On Sunday, April 3, youth from UCAN’s Therapeutic Youth Home visited Vertical Endeavors in Glendale Heights, Ill. to participate in a simulated mountain climbing activity. Tiffany Paino, the gym’s facility manager, led the activity while youth were paired with volunteers from Chicagoland’s growing climbing community to learn the ropes.
In addition to being a fun activity that takes the youth outside of their everyday surroundings, there are also clinical benefits to these types of activities. Youth who have suffered long-term abuse and trauma often live with extreme fear and anxiety. Even after the immediate trauma has passed, these uncomfortable feelings can resurface at inappropriate times and manifest in unhealthy behaviors. UCAN works with youth to learn how to manage and regulate these feelings through a variety of interventions. “Activities such as these, which invoke a healthy amount of fear, are an excellent opportunity for our youth to successfully manage and work through uncomfortable feelings. This is part of the process of healing trauma,” explained Kathleen McCarthy, UCAN’s senior vice president, placement continuum.
Additionally, youth who have experienced trauma can often feel worthless and suffer from significantly low levels of self-esteem and have difficulty trusting themselves and others. Challenge and adventure based activities give them an opportunity to achieve something that seems difficult or impossible and can be a long lasting self-esteem booster.
Another important tool that a youth can gain from climbing activities is building trust. This can be especially important for youth who have experienced trauma and have lost trust in others due to abuse, neglect or other life-altering situations. Climbing helps foster a sense of trust in others, as you must rely on another human being to keep you safe and support you by belaying and assisting in the climb. “When you get to the top of a 35-foot wall, and look down at the person holding your ropes, you have to choose to trust that they will lower you safely to the ground,” stated Nicole Seaton, UCAN grants director, volunteer and experienced climber.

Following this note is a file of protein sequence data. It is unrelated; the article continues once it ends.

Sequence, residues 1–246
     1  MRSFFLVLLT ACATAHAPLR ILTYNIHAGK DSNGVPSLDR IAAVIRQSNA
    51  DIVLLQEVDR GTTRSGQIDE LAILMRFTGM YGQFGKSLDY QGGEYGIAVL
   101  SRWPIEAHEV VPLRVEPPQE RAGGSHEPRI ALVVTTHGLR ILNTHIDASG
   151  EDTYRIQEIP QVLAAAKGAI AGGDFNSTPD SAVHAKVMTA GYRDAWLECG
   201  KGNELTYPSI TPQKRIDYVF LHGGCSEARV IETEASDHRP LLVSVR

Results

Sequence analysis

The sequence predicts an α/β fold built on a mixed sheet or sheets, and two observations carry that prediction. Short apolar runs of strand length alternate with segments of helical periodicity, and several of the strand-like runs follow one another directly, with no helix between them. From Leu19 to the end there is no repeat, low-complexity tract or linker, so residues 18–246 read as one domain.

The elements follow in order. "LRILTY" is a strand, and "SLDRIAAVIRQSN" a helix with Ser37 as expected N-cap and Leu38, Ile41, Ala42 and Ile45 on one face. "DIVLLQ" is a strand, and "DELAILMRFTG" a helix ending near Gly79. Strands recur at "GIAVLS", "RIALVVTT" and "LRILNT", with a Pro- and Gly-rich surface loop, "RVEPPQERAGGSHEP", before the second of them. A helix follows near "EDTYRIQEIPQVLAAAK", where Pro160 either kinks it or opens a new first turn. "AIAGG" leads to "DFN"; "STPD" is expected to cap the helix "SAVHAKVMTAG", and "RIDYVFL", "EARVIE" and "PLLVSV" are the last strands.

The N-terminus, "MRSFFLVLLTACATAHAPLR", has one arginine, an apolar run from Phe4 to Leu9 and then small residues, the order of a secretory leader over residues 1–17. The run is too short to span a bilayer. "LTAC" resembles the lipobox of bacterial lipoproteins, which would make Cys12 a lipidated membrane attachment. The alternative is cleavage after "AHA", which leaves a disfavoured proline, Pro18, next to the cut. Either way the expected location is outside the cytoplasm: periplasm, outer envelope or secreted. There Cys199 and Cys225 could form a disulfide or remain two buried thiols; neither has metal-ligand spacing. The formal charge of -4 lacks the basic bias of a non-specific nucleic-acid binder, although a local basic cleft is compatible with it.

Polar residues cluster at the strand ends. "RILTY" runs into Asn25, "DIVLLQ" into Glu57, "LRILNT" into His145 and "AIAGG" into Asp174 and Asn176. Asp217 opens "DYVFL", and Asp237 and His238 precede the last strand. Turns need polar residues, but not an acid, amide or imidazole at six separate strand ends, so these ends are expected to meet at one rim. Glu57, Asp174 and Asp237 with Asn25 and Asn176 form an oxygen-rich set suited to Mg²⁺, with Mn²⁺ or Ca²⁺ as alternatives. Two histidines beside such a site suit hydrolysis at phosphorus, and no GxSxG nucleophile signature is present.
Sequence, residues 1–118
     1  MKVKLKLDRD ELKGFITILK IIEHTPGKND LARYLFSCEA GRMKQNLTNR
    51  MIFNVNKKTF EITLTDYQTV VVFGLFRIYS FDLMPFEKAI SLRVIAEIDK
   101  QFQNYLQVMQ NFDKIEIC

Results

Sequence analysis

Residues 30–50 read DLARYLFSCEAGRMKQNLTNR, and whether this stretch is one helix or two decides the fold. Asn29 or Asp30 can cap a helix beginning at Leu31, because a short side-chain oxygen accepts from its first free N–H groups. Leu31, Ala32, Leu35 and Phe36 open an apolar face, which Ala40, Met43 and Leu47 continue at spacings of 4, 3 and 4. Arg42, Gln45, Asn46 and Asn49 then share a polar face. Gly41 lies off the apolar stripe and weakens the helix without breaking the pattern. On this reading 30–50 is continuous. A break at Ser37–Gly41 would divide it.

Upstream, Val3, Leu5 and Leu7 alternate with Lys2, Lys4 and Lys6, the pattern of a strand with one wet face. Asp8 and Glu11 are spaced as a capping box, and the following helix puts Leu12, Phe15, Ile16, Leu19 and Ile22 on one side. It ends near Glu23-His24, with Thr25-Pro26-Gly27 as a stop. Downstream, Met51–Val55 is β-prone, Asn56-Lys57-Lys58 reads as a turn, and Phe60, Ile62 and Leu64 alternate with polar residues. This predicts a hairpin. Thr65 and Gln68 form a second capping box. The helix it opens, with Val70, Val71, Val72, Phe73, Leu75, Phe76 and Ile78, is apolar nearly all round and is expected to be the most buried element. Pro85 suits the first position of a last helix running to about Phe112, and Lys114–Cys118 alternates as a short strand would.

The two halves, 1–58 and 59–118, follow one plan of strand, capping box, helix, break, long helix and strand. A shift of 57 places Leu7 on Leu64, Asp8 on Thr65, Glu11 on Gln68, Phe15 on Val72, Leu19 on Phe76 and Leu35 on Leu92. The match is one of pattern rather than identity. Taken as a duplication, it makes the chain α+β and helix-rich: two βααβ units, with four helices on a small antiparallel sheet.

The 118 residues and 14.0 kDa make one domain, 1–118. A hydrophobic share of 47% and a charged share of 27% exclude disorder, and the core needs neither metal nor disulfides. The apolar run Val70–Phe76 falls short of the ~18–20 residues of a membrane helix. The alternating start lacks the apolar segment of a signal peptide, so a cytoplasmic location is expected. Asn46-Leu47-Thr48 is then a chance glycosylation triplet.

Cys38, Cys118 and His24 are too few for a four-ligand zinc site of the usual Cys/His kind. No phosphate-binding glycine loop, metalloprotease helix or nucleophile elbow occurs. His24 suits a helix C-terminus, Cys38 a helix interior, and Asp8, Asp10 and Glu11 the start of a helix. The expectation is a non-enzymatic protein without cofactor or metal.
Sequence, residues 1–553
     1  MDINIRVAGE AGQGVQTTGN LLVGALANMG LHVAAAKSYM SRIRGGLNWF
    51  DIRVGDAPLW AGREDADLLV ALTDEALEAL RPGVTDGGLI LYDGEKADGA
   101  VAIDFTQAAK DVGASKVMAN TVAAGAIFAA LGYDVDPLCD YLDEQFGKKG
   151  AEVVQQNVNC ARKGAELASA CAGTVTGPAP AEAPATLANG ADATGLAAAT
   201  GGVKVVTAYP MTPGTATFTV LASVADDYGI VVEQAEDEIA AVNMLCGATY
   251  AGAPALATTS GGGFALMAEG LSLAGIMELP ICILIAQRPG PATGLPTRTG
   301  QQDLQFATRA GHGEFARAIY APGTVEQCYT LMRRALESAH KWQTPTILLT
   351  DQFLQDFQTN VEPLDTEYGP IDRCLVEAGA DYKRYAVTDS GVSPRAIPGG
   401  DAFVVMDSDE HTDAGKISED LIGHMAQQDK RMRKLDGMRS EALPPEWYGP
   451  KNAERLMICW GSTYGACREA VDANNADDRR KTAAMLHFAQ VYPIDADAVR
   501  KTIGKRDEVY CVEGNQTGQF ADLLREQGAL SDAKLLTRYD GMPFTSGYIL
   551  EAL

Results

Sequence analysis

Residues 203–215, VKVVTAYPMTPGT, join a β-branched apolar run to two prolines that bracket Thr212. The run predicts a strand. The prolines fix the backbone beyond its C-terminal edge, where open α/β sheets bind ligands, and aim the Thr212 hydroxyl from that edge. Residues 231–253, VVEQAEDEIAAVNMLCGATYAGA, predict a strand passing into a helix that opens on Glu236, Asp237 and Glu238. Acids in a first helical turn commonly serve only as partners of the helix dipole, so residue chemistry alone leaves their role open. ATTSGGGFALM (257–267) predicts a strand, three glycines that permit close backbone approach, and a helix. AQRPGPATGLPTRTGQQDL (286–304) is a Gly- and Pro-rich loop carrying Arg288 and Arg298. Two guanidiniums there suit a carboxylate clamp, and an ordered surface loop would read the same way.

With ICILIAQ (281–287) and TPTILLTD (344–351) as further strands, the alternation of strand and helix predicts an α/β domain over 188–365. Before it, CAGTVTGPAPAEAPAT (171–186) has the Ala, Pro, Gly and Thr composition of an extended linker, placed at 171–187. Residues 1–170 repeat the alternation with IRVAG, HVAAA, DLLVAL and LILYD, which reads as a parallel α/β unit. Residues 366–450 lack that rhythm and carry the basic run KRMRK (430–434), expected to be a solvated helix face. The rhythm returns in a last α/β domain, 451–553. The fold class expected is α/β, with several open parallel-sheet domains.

Like many people, a fear of heights or just a fear of trying something new can be intimidating. The youth who experienced some initial reservations were able to tackle their fears head on and meet the challenges presented. “It was great watching youth overcome their fear of heights, fear of strangers and fear of new situations. I partnered with a girl who was terrified when she started. Two hours in, she decided that she was determined to get the top of one route, and she succeeded” Nicole recalled.
The outing was overwhelming a success. UCAN staff and the climbing volunteers recognized resilient attitudes possessed by the youth in attendance. Staff members commented that the youth were polite and enthusiastic about the activity, specifically observing that they were eager to work with volunteers and learn about climbing. “It is always amazing to watch our youth challenge themselves and work hard to succeed which certainly occurred at our trip to Vertical Endeavors. Seeing their smiles and sense of accomplishment is priceless,” noted Carl Fifield, therapeutic recreation coordinator at UCAN.
We are extremely thankful to Vertical Endeavors for generously agreeing to allow youth from UCAN’s Therapeutic Youth Home to climb after hours once a month. We look forward to a continued partnership.
If you have experience in climbing and would like to volunteer, please contact Nicole Seaton at firstname.lastname@example.org.